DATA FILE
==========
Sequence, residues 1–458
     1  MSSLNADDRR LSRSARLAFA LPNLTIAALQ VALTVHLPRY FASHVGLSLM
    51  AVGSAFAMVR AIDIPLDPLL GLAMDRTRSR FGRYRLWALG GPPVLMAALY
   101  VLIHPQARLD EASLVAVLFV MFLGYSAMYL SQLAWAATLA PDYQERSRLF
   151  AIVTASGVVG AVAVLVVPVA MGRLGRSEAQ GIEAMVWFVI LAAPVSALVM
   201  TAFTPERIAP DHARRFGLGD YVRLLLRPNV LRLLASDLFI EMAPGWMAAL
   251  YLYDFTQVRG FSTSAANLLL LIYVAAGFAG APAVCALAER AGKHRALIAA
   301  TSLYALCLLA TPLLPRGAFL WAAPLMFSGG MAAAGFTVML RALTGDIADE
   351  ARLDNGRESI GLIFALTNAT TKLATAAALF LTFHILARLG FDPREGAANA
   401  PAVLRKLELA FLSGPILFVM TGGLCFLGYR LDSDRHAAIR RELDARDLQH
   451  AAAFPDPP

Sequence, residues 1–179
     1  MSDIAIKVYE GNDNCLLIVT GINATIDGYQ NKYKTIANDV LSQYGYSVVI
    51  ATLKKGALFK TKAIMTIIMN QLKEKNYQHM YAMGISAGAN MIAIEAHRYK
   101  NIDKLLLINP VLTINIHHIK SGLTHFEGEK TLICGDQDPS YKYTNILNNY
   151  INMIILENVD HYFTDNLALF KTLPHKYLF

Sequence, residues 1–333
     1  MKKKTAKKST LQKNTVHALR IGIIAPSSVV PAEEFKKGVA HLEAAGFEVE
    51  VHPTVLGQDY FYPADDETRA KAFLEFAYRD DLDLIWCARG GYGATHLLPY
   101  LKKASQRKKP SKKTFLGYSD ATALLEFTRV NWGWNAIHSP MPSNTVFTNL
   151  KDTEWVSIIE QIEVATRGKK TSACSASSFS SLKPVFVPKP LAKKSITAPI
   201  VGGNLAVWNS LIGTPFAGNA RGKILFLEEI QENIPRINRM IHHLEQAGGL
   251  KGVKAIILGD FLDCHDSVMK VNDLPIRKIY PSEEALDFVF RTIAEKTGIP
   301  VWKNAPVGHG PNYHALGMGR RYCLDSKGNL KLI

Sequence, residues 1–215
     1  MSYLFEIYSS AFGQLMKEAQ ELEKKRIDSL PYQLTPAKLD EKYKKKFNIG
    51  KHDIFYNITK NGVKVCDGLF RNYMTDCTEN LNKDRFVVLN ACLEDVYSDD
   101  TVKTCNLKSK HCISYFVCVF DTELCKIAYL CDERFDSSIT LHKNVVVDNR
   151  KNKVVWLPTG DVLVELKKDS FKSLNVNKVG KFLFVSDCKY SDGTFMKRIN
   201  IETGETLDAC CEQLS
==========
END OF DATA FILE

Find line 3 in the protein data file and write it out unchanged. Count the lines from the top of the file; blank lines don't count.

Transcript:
    51  AVGSAFAMVR AIDIPLDPLL GLAMDRTRSR FGRYRLWALG GPPVLMAALY